Saturday, June 9, 2012

A little bit of good in every bad

The peas are planted, the beans are watered, tomatoes are towering, and the basil is in. Gardening season has begun in full force, which means that I am feeling happier and smarter than I have all winter. This is not just an anecdotal “I love gardening” testimonial – there is scientific research to back up my claim.

During those long hot hours I spend toiling in the dirt, my body is synthesizing vitamin D. This fat-soluble compound is linked to depression prevention, immune system strength, bone health, and more. I cannot quite do photosynthesis like my tomatoes, but at least I can make something useful from sunlight!

It is not just the sunshine that makes gardeners so happy this time of year; it is also the fresh air. We inhale an elixir of happiness from the soil. A common soil bacteria – Mycobacterium vaccae – has been shown to increase serotonin (a happy chemical in your brain) levels in mice. Not only does this decrease anxiety, but it also makes the mice smarter! 

Mice given the bacteria navigated a maze twice as fast as the control mice. The effects do not last long, though, and scientists surmise that humans would need to be exposed about once a week in order to reap the benefits of these healthy bacteria.

Unfortunately, gardening season coincides with another season as well. Everywhere that clean, fast-flowing streams laugh and tumble down rocky paths, tiny larvae cling to the submerged surfaces of rocks and logs. At the business end of the tiny, worm-like creature is a pair of foldable fans. These fans strain passing debris from the fast-flowing water and the larva scrapes a snack into its mouth every few seconds.

After seven to ten days of eating and growing, this little larva will pupate (like a butterfly spinning a chrysalis). The creature spends a week in the pupa, completely rearranging its body and developing the tools for a new way of life. Then, in bubble of air, an adult black fly rises to the surface.

If it is a male black fly, we can pretty much ignore it. Males eat a little nectar, fertilize a female in flight, and die. Females may also use the sugary liquid to fuel their flight, but making eggs requires a blood meal. This is where gardeners, paddlers, hikers, anglers, and other outdoor enthusiasts come in. The black fly female will slash a little cut in your skin, inject an anti-coagulant with her saliva, and drink her fill.  No matter that her “fill” is approximately 0.00006 ounces, the bite’s ill effects loom much larger. We end up with bleeding, itchy, swollen welts around wrists, beltlines, necklines, hairlines, and ankles.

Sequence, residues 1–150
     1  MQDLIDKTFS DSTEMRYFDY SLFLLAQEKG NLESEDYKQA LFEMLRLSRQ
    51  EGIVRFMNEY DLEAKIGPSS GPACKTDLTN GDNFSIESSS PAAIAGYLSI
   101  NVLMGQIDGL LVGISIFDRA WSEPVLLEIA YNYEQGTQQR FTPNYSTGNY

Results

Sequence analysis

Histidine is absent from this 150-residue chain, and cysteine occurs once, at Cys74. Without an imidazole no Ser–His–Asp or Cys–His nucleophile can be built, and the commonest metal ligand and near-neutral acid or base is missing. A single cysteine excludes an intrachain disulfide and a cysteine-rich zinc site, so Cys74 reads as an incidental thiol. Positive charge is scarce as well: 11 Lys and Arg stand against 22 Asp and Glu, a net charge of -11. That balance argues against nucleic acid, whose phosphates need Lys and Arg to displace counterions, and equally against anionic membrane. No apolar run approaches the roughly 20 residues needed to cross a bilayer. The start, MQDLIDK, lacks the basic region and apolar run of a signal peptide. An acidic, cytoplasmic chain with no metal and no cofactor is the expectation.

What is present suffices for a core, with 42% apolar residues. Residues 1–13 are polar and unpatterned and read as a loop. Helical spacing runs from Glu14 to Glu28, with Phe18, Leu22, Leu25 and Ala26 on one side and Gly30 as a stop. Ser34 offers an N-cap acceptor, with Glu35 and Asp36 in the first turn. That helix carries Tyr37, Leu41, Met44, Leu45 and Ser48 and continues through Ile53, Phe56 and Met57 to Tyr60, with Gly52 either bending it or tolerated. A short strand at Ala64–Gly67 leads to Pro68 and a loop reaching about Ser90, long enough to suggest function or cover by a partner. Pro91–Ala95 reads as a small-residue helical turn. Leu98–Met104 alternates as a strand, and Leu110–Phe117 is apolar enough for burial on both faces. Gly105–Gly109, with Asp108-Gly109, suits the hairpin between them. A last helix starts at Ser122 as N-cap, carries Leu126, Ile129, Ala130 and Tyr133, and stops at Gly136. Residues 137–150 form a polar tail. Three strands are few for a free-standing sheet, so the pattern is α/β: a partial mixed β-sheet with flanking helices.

Nothing in nature is all bad, though.  These tiny tormenters feed tasty trout, beautiful birds, dashing dragonflies, and swooping swallows. Folklore claims that black flies pollinate blueberry flowers and improve fruit-set, but the scientific jury is still out on that one.

In Maine, the Black Fly Breeder’s Association sells humorous t-shirts and donates the money to charity. One t-shirt design lauds black flies as “defenders of the wilderness,” due to their ability to keep timid tourists at bay.

Despite the good qualities of black flies, we would all probably prefer to avoid them. Happily, they do not sneak indoors like mosquitoes, but indoors is not where the vitamin D and happy soil bacteria live. Dark colored clothing, carbon dioxide, and perfumes all attract them. So it follows that if we would like to deter black flies, we should wear white, not exhale, and not wash our hair or use deodorant. As a side effect, many friends and colleagues will avoid us, too.

After five or six hot days, the tender little bodies of black flies (one sixth of an inch long!) dry out and black fly season will be over.

Later in the summer, as my tomatoes ripen and the pea pods swell, I will be able to enjoy the sunshine and soil bacteria in an enlightened state of peace and happiness…interrupted only by the painful bite of horseflies.

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